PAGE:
» Is your partner gaslighting you? Try these tactics to put an end to manipulation.

6. Rekindle Intimacy and Connection

A common theme that emerges when I work with couples is the need to reignite that spark and deepen the connection.

One effective approach I often recommend is dedicating time to each other—and I mean real, quality time. This could be as simple as setting aside a regular date night. I remember one couple who started trying a new restaurant every month, and it turned into a little adventure for them.

Sex is also a huge part of the connection in a marriage. Having open chats about what you both need is key. Have a conversation where you explore and express your desires without judgment. You may just find that it brings a whole new level of closeness to your relationship.

7. Focus On Personal Growth and Self-Care

Don't forget to make time for yourself while caring for your partner. Neglecting self-care can lead to issues that strain the marriage, like feeling drained or under-appreciated. Be intentional about adding activities like exercise to your life and spending time with friends.

Remember that self-care includes improving your mental health, too. Individual therapy helps you address personal issues, which can lead to breakthroughs in your relationship. I also recommend discussing the importance of self-care with your partner to support each other in maintaining a mentally and physically healthy lifestyle.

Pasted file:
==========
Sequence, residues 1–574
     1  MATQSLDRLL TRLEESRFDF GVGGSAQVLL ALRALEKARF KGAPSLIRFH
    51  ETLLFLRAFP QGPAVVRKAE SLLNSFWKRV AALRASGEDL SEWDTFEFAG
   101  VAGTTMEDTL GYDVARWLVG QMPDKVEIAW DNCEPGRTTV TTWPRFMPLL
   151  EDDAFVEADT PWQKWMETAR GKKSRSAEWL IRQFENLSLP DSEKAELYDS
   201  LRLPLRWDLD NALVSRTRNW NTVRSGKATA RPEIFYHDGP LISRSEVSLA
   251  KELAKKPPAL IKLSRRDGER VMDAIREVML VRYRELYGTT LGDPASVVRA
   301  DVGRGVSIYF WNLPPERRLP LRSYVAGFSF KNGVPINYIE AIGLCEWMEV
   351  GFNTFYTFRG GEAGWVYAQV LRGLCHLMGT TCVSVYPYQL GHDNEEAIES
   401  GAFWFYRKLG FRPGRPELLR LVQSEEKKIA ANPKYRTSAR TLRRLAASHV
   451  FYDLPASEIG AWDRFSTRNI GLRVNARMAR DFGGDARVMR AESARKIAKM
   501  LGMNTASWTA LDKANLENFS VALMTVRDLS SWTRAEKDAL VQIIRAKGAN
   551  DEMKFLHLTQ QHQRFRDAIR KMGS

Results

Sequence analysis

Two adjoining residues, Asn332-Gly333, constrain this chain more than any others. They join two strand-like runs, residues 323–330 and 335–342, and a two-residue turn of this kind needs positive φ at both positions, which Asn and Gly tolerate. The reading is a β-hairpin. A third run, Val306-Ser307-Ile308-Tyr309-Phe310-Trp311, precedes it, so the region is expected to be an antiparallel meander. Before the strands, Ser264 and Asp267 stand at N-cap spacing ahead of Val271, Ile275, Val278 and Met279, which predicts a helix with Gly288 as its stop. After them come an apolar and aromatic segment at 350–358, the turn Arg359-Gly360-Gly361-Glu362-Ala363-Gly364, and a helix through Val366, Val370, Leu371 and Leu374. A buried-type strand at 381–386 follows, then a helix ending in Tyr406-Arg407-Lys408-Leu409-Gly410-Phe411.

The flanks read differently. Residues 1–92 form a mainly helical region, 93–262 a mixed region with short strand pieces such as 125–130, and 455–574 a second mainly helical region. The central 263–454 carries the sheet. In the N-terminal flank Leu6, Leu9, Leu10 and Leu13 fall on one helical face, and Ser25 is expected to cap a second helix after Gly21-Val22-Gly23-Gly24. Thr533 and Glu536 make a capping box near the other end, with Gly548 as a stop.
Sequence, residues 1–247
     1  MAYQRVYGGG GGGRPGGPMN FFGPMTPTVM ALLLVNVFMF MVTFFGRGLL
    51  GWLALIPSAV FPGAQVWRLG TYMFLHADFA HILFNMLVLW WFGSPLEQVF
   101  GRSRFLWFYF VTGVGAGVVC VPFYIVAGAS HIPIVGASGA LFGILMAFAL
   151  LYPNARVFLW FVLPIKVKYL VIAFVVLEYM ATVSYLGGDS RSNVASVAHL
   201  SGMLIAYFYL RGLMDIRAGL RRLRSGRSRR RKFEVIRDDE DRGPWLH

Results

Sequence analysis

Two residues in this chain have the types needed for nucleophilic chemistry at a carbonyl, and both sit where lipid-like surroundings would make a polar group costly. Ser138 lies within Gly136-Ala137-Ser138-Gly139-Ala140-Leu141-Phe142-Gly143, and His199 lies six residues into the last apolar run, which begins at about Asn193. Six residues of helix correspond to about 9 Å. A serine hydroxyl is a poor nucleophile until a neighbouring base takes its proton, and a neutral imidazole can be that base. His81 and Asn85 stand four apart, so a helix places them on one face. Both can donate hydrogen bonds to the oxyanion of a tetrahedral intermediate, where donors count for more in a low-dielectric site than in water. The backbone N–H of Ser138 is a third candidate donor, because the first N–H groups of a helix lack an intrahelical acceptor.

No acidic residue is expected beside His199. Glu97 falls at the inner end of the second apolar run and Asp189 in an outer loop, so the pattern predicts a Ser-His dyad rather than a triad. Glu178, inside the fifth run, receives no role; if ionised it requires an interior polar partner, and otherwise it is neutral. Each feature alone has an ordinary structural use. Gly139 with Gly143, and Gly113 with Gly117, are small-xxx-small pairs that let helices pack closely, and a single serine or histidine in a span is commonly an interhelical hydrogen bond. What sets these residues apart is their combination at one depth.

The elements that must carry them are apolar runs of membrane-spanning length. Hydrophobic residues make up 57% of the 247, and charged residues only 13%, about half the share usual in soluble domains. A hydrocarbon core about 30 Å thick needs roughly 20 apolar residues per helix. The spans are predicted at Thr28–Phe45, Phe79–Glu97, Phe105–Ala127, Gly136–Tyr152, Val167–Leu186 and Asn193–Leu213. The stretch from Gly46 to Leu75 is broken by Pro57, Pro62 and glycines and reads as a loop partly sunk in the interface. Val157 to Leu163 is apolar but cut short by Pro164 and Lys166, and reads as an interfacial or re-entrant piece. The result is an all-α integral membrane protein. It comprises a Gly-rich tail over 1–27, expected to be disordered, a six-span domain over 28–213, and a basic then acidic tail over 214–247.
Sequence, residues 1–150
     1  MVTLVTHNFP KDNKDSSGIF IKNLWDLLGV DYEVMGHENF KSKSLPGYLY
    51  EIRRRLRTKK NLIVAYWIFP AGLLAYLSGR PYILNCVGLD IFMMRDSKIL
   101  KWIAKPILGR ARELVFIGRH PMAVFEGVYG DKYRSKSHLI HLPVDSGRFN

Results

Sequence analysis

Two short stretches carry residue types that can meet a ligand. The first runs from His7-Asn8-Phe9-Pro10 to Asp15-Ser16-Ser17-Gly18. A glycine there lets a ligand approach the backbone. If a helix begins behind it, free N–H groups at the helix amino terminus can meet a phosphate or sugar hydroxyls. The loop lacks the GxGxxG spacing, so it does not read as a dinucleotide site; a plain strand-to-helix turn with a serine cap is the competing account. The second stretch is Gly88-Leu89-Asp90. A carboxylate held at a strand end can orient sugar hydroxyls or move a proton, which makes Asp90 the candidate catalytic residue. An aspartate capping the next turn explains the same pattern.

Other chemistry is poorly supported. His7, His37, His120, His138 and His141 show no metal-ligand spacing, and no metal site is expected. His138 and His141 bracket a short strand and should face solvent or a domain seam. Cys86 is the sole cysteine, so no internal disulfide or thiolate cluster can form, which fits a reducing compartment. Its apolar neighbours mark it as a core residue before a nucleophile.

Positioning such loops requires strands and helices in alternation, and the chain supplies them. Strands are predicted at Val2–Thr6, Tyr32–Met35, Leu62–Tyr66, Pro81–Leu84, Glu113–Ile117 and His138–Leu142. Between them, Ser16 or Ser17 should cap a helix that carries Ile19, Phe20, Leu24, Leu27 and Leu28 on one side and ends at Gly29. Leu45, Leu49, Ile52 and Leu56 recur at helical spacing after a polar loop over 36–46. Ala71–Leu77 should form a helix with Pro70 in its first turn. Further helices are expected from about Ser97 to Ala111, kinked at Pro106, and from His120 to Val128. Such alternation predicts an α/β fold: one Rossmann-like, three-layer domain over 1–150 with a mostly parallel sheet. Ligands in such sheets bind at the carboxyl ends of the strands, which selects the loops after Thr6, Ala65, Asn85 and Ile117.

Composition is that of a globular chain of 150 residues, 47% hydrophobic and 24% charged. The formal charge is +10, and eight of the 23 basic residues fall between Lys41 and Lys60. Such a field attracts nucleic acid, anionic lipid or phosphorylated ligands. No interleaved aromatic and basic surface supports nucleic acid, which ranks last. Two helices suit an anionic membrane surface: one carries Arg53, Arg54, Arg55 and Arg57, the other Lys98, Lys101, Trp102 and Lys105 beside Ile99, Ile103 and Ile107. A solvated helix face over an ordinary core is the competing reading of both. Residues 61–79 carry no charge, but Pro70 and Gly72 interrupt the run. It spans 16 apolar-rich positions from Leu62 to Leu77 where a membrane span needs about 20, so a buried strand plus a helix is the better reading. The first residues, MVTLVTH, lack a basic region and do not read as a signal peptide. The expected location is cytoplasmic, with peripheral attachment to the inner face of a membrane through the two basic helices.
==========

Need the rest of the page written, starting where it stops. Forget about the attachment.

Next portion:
8. Forgive and Heal

Studies show that forgiveness is often a cornerstone for rebuilding a fractured relationship. While it often requires time, couples therapy can help you or your partner understand what it takes to make amends.

I've found that transparency, mutual understanding, and setting boundaries are vital here. It's not about erasing the past but creating a future where respect and love are at the center.

9. Set Goals and Make Commitments

Clear goals and commitments help ensure you and your partner are on the same page about where you're headed—and precisely what you need to do to get there together. Try breaking down your goals into smaller, measurable tasks or behaviors that you can accomplish quickly.

Here's a real-life example: I once worked with a couple that felt like they were drifting apart. They wanted to "feel closer and be happier together," but that's a broad target.